Something that doesn't come across immediately in product renders online is the overall bulk of the Gear S3. With a 46 mm case (49 mm at the lugs) and perhaps more importantly 12.9 mm thickness, it's both wide and thick in a way that instantly reminds you this is a wrist-mounted computer and not a slick mechanical timepiece. I'm a six-foot four-inch tall guy with large wrists that feel comfortable with watches up to about 50 mm, so I obviously don't have an issue with the Gear S3's size, but I just don't see how this watch will fit comfortably on most people — particularly women. The Gear S3 Frontier's design is particularly masculine and tough, so I get that it's larger; but then you realize that the Gear S3 Classic is the same size even though it has a more gender-neutral look. No matter how much you like the looks, I encourage everyone to go try it on in a store before buying — you may find it to be unmanageably large.

Size aside, the Gear S3 is built to fit in with the top-end smartwatches out there. The Gear S3 is particularly well sculpted out of 316L stainless steel and the two-tone brushed/shiny finish really stands out. The trademark rotating bezel requires just enough effort to spin, making it easy to move a single click for fine selections or several clicks to scroll through a long menu. Both Gear S3 models are IP68 dust- and water-resistant, meaning it can handle all reasonable amounts of contact with water; the Frontier is also MIL-STD 810G rated, meaning it can handle extra levels of shock, heat/cold, pressure and vibration.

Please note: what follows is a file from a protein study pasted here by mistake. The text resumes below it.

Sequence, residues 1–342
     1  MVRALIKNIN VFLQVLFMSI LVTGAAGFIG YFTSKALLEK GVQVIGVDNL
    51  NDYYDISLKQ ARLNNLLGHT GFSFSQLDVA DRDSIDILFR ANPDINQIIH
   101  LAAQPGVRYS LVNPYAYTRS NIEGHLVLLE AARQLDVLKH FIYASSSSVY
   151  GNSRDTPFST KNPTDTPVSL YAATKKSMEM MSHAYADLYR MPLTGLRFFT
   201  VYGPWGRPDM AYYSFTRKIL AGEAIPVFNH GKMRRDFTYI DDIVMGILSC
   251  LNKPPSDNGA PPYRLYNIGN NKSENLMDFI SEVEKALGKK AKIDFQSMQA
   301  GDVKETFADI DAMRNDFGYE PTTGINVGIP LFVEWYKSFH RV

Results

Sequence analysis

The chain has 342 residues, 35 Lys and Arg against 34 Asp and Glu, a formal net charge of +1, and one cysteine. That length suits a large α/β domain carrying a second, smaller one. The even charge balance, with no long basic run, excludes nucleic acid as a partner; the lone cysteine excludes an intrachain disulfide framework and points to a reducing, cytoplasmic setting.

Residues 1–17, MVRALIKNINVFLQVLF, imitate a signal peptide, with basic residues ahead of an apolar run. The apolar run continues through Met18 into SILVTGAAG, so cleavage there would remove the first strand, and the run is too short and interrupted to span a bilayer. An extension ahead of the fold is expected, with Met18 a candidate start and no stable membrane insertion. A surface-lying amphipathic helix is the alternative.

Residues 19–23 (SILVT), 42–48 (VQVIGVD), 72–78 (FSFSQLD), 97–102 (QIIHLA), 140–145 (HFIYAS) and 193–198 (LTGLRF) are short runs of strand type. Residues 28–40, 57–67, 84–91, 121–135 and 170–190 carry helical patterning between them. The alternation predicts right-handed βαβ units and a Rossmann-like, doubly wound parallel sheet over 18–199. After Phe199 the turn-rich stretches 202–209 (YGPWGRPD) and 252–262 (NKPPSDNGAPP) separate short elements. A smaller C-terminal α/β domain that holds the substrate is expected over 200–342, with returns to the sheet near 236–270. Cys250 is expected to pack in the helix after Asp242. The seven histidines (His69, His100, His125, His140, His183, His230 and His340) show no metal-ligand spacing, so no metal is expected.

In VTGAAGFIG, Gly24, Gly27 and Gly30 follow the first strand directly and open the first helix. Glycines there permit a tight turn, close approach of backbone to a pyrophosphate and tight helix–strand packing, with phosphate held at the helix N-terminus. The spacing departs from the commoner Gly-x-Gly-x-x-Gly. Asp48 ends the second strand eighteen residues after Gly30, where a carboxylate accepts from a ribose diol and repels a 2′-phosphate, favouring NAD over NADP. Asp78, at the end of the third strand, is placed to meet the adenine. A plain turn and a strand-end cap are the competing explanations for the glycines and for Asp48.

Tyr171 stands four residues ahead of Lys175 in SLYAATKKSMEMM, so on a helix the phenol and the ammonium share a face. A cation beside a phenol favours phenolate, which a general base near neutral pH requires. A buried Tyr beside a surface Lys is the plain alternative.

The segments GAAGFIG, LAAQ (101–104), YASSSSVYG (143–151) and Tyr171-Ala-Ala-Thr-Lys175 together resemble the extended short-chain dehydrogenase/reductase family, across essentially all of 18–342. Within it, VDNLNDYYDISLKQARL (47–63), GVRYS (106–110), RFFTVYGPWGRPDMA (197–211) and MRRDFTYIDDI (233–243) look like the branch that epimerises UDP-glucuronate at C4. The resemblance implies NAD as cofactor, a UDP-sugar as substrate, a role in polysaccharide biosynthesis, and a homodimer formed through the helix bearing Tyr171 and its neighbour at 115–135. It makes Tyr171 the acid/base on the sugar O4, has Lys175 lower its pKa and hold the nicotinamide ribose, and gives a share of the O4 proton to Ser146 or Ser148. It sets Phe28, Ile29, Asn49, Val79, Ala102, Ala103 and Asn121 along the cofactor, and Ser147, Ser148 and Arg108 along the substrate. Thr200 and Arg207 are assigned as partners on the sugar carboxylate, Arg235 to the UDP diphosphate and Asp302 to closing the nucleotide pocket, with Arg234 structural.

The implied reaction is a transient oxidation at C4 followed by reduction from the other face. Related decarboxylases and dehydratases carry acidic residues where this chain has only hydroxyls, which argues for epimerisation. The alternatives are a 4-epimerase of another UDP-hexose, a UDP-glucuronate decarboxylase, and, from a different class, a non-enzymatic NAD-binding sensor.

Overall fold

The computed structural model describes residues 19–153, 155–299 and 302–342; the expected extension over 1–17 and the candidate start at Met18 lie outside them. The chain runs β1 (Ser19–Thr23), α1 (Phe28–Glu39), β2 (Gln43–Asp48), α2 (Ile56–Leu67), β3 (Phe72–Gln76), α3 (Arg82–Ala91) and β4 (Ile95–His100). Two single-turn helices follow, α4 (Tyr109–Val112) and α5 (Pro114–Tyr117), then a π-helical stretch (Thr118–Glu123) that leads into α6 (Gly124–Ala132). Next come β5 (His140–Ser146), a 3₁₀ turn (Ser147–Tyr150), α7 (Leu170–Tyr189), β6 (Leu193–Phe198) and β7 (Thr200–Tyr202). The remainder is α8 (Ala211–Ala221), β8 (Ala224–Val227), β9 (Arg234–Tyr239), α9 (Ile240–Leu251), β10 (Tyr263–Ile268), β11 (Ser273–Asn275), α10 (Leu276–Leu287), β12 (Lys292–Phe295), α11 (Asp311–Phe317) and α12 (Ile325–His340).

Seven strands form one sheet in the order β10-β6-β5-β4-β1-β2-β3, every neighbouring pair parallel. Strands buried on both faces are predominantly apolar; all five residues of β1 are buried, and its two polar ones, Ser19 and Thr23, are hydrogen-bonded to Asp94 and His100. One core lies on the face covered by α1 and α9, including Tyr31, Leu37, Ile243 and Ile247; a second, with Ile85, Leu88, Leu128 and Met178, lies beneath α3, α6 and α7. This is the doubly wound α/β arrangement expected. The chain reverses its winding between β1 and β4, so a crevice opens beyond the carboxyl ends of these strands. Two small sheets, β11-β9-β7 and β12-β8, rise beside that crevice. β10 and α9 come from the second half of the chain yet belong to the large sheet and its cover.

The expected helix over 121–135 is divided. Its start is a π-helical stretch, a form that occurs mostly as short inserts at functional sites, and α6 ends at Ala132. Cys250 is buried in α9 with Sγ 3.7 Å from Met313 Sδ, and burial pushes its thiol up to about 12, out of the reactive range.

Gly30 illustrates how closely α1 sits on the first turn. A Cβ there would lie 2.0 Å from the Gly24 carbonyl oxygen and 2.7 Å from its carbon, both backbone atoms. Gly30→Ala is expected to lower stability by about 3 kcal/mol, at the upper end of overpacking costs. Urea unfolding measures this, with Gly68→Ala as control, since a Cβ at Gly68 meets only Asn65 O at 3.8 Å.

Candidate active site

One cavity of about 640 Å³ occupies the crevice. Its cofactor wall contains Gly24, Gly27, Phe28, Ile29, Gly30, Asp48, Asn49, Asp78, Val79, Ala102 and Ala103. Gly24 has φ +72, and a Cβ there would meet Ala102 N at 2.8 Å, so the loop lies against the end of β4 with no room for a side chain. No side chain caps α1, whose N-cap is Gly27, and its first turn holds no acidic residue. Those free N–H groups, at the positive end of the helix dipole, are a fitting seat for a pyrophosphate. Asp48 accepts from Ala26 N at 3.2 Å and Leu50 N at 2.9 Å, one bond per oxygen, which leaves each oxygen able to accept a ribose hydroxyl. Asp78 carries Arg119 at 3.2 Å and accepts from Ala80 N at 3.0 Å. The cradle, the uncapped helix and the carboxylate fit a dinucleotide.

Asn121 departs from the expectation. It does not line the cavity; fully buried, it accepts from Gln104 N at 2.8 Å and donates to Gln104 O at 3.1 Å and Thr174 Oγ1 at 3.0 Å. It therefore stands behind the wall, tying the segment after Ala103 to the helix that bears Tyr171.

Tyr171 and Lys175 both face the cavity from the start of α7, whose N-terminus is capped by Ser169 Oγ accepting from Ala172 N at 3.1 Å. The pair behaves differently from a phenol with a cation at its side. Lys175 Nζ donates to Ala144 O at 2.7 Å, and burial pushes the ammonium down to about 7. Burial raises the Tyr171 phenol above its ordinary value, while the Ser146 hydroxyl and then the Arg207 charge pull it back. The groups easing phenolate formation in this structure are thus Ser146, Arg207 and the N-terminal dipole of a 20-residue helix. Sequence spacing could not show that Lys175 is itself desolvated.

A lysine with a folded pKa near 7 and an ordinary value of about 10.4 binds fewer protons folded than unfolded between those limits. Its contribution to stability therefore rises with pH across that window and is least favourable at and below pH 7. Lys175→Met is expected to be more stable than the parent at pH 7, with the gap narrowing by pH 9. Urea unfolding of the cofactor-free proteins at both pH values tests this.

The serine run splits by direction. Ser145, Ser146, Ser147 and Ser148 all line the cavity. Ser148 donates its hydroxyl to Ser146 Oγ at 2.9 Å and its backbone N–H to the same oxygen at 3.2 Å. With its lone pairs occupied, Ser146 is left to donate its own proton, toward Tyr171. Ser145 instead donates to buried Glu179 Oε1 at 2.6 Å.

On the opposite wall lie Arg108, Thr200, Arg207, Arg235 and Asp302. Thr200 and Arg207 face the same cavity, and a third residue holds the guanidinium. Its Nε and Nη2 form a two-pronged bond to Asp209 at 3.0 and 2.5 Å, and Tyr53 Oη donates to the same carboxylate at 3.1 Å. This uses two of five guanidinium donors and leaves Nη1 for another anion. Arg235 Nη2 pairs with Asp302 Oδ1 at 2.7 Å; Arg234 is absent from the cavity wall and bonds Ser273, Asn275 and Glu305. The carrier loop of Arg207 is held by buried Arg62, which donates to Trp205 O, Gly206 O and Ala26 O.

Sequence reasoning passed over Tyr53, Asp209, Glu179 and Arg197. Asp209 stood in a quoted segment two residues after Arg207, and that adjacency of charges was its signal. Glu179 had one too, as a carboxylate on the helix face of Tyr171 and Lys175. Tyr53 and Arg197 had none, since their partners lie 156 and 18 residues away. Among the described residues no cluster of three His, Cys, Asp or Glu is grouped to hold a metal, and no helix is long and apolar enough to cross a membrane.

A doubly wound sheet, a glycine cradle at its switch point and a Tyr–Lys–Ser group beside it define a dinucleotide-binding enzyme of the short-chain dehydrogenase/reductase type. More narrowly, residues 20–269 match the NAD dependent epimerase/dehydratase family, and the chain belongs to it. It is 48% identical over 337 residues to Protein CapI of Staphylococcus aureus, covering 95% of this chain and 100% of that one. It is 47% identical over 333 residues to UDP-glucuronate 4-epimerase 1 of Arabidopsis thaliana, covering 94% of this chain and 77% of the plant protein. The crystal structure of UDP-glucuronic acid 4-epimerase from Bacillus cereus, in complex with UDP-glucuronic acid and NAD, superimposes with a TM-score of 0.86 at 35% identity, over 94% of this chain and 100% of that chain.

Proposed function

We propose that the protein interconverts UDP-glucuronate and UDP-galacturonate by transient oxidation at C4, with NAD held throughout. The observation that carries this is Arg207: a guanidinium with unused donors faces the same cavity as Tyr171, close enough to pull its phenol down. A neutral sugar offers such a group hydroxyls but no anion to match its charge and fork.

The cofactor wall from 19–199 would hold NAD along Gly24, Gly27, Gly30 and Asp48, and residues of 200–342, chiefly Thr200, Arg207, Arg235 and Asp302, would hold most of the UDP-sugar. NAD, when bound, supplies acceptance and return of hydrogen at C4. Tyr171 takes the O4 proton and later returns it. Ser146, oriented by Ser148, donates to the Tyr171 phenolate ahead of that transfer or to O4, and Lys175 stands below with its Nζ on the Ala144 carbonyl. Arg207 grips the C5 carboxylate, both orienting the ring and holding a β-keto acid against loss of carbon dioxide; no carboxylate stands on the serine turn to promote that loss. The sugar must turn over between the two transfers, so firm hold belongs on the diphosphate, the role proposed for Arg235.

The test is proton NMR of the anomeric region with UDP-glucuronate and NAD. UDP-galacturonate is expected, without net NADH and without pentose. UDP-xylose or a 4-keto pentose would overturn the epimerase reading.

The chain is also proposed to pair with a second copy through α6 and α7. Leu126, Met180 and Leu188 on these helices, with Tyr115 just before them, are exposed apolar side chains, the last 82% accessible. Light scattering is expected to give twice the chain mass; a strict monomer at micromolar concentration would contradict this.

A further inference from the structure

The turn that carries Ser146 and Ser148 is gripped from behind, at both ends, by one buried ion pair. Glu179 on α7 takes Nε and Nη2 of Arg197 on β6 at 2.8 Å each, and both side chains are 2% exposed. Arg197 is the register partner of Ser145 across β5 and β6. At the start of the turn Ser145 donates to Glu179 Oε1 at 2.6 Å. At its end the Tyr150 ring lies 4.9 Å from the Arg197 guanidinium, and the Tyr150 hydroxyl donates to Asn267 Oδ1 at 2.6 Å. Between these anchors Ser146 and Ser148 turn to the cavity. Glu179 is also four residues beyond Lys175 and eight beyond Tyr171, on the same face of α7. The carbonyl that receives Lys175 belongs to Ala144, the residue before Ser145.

It's beautiful and well-made, but positively massive.

The included rubber band fits the Frontier's look well and is capable of fitting in whether you're dressing up or keeping casual. The Classic's leather band is nice as well (recalling from my admittedly short time with it in August), but you can do far better buying something for $25 on Amazon.

Sadly the bottom one-third or so of the watch is a jarring bit of hard plastic that stands out from the fine metal above it and detracts from the feel of the watch on your wrist. The plastic is necessary from the standpoint of having radios in the watch, but that doesn't mean it's particularly gracefully integrated into the design. I really wish there was a more elegant solution implemented here that shrouded your wrist from coming in contact with the plastic and kept it from being seen when viewing the watch from the side. The plastic is somewhat hidden on the Gear S3 Frontier because it's all black, but is particularly easy to see on the Classic, as the black plastic backing stands out strongly from the silver metal.